While everyone is quick to defend video games, we should probably accept that indulging in the fake as opposed to the real can definitely mess you up.
Blah blah blah future ambulance chaser in the making.
I don't exactly think it's just blah blah blah stuff. Now, I don't entirely agree with this guy Zimbardo, I don't think a "de-masculinization" of men is happening. That's just a generalization from media because not all men behave like this (in fact, the quantity has to be tiny) and women aren't exempt from this issue either. But I agree that video games and pornography can lead to an irregular social development (even though these two things aren't the only factors), which is an important cause of depression, for example, a state that no one should experience. Then again, the solution is simple: put the parents to work, we need more than ever to guide children in an era where more potential vices are more accessible. We need to them to regulate chlidren's schedules, but most importantly, to be the most basic moral support.
Anything in excess is bad. The thing about gaming is - it's very, very compelling. Games today are incredibly compelling in so many ways, depending on what type of game. Therefore, games can easily become an addiction and cause problems. A good example of that is Dota 2. I assure you this game has caused the academic downfall of millions of students. Ofcourse, the reason for that is because the game is freaking brilliant, and they failed to moderate their play, ofcourse. As for pornography, it's the same thing, except perhaps even more dangerous. This is a product that plays on one of our most basic human drives. So an addiction in the case of a youngster with access to the internet is very likely ! It's an unbeatable high at the press of a button. The reason porn is even worse, is because it causes a lot more problems that gaming. 90% of the time such a habit is at odds with values, culture, families, social standing, and ofcourse, relationships and trust. It's an addiction that often comes at quite a high cost. Not to mention ED.
Since I moved to the United States, my social life hasn't been the same. I still go to parties and hang with some friends, but not really as often as before. Video games help me in my lonely times. I don't like it, but I can't help it either :/. I spend between 5 to 8 hrs a day. Sometimes I feel like I play way too much when I feel alone. It's not like I live in that virtual world. For now, I'm focused in my Radiology Program, and maybe everything will change once I graduate and make more college friends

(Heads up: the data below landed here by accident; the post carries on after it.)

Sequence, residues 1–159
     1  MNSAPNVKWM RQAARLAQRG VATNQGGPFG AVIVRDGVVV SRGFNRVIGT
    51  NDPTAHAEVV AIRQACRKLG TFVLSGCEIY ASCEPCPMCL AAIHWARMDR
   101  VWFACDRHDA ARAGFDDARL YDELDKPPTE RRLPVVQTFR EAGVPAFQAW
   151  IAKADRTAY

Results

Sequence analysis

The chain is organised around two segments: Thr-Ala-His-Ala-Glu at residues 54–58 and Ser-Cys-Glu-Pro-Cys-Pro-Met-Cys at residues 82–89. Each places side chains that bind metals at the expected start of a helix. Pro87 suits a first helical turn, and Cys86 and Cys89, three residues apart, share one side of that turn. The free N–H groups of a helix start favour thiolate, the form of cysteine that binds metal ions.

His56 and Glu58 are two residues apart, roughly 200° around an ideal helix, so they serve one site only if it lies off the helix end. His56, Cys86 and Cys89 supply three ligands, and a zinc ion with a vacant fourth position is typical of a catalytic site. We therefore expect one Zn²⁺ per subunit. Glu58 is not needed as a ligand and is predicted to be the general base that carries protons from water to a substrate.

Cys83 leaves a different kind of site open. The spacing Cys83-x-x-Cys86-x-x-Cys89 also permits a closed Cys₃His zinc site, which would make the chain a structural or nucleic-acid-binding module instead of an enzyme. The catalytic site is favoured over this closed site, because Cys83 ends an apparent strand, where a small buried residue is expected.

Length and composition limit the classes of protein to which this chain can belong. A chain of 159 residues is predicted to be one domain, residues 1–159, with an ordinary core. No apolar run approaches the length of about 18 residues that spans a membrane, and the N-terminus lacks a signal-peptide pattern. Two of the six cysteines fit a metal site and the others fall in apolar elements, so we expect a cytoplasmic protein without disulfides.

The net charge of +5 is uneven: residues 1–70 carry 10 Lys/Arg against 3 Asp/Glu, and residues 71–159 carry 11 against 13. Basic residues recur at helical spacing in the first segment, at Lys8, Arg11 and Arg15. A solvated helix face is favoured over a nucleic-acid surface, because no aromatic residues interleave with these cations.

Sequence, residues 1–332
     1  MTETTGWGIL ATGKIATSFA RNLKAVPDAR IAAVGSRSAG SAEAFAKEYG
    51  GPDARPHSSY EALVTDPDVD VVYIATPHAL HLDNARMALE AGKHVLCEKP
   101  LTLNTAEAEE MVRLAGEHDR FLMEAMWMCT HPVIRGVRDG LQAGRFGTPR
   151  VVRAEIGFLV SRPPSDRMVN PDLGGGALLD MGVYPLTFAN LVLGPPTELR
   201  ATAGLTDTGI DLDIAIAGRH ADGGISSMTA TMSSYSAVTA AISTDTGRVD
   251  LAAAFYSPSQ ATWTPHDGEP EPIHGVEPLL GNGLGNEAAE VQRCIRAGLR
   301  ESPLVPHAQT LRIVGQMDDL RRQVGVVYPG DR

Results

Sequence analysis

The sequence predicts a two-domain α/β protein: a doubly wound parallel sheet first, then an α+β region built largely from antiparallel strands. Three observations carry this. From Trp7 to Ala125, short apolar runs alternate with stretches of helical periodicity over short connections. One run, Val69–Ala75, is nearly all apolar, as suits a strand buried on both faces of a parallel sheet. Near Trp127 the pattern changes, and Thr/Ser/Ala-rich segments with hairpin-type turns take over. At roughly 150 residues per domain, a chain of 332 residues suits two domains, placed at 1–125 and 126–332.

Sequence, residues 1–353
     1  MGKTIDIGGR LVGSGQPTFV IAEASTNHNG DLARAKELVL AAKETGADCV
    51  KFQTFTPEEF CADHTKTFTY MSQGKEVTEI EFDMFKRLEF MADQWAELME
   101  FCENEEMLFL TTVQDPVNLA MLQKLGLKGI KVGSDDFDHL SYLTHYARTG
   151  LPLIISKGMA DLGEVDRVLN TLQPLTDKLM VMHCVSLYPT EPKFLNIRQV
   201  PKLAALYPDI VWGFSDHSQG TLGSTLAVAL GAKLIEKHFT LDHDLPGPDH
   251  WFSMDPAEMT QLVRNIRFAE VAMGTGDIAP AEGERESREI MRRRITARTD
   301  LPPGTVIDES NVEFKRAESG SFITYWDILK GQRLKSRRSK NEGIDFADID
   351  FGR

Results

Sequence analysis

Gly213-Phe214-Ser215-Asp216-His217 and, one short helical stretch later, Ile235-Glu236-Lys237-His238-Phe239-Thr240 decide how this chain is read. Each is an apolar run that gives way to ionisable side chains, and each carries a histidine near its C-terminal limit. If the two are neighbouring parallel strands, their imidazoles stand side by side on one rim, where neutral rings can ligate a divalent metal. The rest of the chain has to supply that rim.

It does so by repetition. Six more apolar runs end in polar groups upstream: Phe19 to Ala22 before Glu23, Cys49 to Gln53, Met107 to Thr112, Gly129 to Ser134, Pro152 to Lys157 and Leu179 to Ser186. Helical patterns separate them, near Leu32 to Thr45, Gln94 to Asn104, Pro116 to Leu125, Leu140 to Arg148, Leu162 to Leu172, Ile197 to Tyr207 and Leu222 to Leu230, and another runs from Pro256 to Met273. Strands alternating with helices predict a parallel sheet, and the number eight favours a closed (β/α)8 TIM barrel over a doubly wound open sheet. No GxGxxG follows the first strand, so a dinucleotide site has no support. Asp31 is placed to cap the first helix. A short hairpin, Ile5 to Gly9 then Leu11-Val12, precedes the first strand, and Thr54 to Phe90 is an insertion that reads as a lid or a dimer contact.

I go through fads.....some days I don't play at all other days I play a lot...
I know right! Sometimes I spend more time on this site than actually gaming!
Tell that to all the people obsessed and attached with phones, social media, and especially the obsessive following of people's lives.
Couldn't agree more. I know people who are hopelessly attached to their mobile devices & social media - to the point of admitting to falling asleep practically every night gripping their phones. But they think *I’m* the weird one because I *don’t* pay attention to everyone else’s lives on media like facebook or instagram. It baffles me. I swear it’s like if you’re not doing what everyone else is doing you’re strange & dysfunctional in some way.
Exactly. I never understood why people refused to create or pu their own ideals and values first.
It's the same thing. Make no mistake, I am a gamer. However, in the case of games it might actually be worse. Why ? One simple reason - games are extrememly compelling experiences ! For quite a while now, people have had gaming experiences that overall surpass film experiences. There are many games out there which are incredible experiences. The thrill of playing Diablo 2 into the night, for example completely trumps staying up with your phone on social media. Especially if it's multiplayer, with your friends. See what I mean ? Also, you have to remember that a lot of games provide many many hours of gameplay and replay value. This is why I think gaming can actually become a stronger addiction.
That doesn't quit that games can't affect social development. All of these things can be harmful, let's not try to pretend anything.